Investors also can be subject to status quo bias. For example, you might be unwilling to buy a stock that has already gone up a lot, but if you already own it, you might continue to own it.


If you are willing to own a stock that has gone up a lot, but you wouldn’t buy the stock at that price, that could be a case of status quo bias.


The good news is that you, when you are aware of status quo bias, can overcome it more easily.


To understand how you might be able to overcome status quo bias, click here to apply for a pre-publication copy of our latest book, The Intelligent Layman’s Guide to Personal Investing. Or call 703 437 9720 and ask for Connor or Katherine.

Capture AUM and/or Save Clients Tax When Selling a Small Business?


When a client sells, or prepares to sell, a small business such as a dental, medical, veterinary or similar practice, stakes are high for the advisor, as well as the client.

You, as the advisor, have a unique opportunity to cement both your relationship with the client and your position as a high-value-added advisor.

Mostly, you have the opportunity – if you plan in advance – to capture assets under management. You can do this while enabling your client to keep much more of his or her hard-earned wealth, as compared to how much the typical dentist, doctor or vet keeps when the practice is sold.

What to Look For

Many dental, medical or veterinary practices are organized as S-corporations. S-corporations have some tax benefits while the dentist is in practice (such as avoidance of corporate tax), but can present tax problems or obstacles when the practice is sold.

In most cases, the best outcome upon the sale of a dental practice is long term capital gain tax treatment. In high-tax states, long term capital gain tax can easily result in a tax of 1/3rd or more of the gain. Most clients find it extremely painful to find that 1/3rd of their life’s work disappears. As an advisor, if you can show the seller how he or she can avoid the tax pain, you’ll be in a good position to keep that client forever.

Analyze the Assets

A typical dental, medical or veterinary practice will own (and sell) one or more of the following assets:

1.                 Equipment

2.                 Real estate and/or a lease

3.                 Client list

4.                 Goodwill

If the entire enterprise (such as S-corporation stock) is sold, the seller will typically be taxed on capital gain income.

However, few buyers will want to purchase S-corporation stock. Instead, they will prefer to purchase assets. Thus, the seller will typically still own the S-corporation, and the S-corporation itself will sell the assets.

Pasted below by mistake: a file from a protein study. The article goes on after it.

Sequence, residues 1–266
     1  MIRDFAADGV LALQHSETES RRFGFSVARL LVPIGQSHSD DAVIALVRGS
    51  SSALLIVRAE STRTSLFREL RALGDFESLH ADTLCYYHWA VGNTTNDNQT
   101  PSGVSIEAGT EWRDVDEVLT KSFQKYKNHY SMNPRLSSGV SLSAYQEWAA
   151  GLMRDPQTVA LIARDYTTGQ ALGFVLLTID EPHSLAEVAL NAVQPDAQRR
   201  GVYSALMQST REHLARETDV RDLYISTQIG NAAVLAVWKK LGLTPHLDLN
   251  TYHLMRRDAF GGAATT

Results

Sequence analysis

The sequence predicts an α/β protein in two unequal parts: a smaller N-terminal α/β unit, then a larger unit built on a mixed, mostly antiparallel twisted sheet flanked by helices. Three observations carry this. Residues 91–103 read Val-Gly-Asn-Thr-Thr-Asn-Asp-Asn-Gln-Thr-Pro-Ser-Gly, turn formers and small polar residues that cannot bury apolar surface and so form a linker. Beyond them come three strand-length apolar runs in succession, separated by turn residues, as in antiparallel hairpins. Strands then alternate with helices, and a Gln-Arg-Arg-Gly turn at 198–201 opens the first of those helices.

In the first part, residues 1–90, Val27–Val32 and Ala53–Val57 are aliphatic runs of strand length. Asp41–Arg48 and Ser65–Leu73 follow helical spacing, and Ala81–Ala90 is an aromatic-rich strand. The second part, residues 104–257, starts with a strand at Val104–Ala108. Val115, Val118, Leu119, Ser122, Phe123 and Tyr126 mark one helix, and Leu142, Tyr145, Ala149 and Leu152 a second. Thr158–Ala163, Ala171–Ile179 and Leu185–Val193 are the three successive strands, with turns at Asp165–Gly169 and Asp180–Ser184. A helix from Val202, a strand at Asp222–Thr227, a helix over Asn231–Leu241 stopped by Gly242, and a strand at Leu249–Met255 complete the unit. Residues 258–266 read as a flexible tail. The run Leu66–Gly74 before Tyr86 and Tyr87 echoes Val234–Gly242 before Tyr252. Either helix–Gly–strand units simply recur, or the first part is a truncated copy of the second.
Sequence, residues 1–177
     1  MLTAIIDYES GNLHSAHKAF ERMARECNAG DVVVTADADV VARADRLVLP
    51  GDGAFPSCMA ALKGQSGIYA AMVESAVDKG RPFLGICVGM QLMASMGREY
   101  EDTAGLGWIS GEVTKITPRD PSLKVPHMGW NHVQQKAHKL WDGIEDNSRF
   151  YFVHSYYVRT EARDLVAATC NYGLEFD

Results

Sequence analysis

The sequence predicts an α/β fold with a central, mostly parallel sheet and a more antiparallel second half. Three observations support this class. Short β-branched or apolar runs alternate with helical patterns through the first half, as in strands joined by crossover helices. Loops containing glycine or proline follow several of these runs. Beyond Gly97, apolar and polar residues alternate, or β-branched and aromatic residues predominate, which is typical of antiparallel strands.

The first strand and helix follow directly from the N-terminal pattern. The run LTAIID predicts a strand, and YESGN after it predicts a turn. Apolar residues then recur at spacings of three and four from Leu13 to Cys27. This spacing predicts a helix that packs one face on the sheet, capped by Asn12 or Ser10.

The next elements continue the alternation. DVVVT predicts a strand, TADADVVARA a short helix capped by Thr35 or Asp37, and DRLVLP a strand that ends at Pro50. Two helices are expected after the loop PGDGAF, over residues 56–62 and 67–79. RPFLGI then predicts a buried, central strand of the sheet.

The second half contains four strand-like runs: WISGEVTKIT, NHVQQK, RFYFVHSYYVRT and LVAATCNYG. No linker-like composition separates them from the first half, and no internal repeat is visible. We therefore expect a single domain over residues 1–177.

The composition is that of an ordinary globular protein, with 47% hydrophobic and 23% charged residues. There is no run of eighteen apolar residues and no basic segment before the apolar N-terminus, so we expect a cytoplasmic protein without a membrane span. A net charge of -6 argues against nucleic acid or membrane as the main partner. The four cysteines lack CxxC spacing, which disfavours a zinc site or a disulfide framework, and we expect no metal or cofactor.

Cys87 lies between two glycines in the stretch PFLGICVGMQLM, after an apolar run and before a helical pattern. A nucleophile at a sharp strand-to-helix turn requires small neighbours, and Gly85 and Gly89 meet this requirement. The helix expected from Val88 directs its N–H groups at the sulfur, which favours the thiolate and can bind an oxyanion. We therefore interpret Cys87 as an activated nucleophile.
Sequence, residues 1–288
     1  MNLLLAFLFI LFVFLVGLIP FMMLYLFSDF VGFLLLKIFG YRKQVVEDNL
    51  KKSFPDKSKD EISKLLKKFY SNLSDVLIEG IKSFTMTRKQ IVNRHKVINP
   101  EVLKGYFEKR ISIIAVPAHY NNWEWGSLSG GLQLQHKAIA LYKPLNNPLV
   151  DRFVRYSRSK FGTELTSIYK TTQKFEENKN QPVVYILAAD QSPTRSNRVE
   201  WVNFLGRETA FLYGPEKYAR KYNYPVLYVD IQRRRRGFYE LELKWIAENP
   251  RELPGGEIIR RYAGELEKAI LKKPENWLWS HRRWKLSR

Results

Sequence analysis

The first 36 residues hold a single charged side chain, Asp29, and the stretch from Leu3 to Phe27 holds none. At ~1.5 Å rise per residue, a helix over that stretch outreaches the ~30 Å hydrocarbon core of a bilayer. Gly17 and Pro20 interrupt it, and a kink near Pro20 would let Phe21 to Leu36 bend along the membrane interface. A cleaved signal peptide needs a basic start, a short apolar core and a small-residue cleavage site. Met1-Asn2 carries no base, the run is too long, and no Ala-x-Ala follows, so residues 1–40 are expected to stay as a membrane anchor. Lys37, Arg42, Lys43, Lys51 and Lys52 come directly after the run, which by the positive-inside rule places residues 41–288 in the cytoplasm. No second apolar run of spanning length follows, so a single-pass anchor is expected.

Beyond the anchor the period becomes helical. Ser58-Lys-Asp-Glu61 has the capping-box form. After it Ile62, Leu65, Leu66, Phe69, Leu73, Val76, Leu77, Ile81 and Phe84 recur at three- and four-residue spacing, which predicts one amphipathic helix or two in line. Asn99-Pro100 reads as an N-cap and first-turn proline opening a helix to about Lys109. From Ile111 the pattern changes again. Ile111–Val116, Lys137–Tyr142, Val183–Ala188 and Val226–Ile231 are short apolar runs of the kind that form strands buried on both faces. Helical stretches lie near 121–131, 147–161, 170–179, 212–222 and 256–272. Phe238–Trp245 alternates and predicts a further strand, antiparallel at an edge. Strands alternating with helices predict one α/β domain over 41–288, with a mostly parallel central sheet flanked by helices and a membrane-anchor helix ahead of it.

Each of these assets may be taxed differently, both to the seller and the buyer.


The sale of assets creates the potential for tax surprises in the form of depreciation recapture. For example, while a dentist was in practice, the practice will probably have purchased equipment (chairs, dental equipment, x-ray machinery, computer systems, and the like).

Almost certainly, those assets will have been depreciated. The catch is that when those assets are sold, the full amounts that were depreciated must be “recaptured” and taxed. The rate of recapture tax on most assets that are not real estate is the ordinary-income tax rate. This tax on recapture can come as a nasty surprise, and drive the total tax rate for the seller above even the already high capital gains tax rates.

In addition, if the practice owns real estate (if you are planning going forward, it will almost always make sense for the real estate to be owned outside of the practice), and that real estate is part of the sale, the accumulated depreciation will be subject to recapture tax. The rate on recapture tax is currently 25% on real estate, as compared to the 20% top federal tax rate on capital gains.

A Better Tax Outcome

If the practice is an S-corporation, and both the situation and your client’s goals line up, it may be possible to entirely avoid tax on the S-corporation’s sale of assets. The solution is to have the corporation use a tax-exempt Business Owner Trust inside the corporation.

If the corporation contributes less than “all or substantially all” of its assets to the tax-exempt Business Owner Trust, the trust can sell the assets tax-free. The trust, properly structured, will then be able to distribute income, or accumulate it tax deferred, for decades into the future.

If the practice, or certain assets, are owned individually, there is also the opportunity for the seller to take advantage of the tax-free nature of a Business Owner Trust.

Personal Goodwill

Many dental practices have a significant aspect of goodwill associated with the primary dentist’s name. In these cases, there may exist personal goodwill, which if owned outside of the S-corporation may present additional important planning opportunities. This will be the subject of another post.

To Learn More

Cases involving assets owned inside closely held corporations – such as dental practices -- often present significant planning opportunities. The solutions will typically involve more than one facet. See here to learn more about tax-exempt Business Owner Trusts, or call 703 437 9720 and ask for Connor or Dave.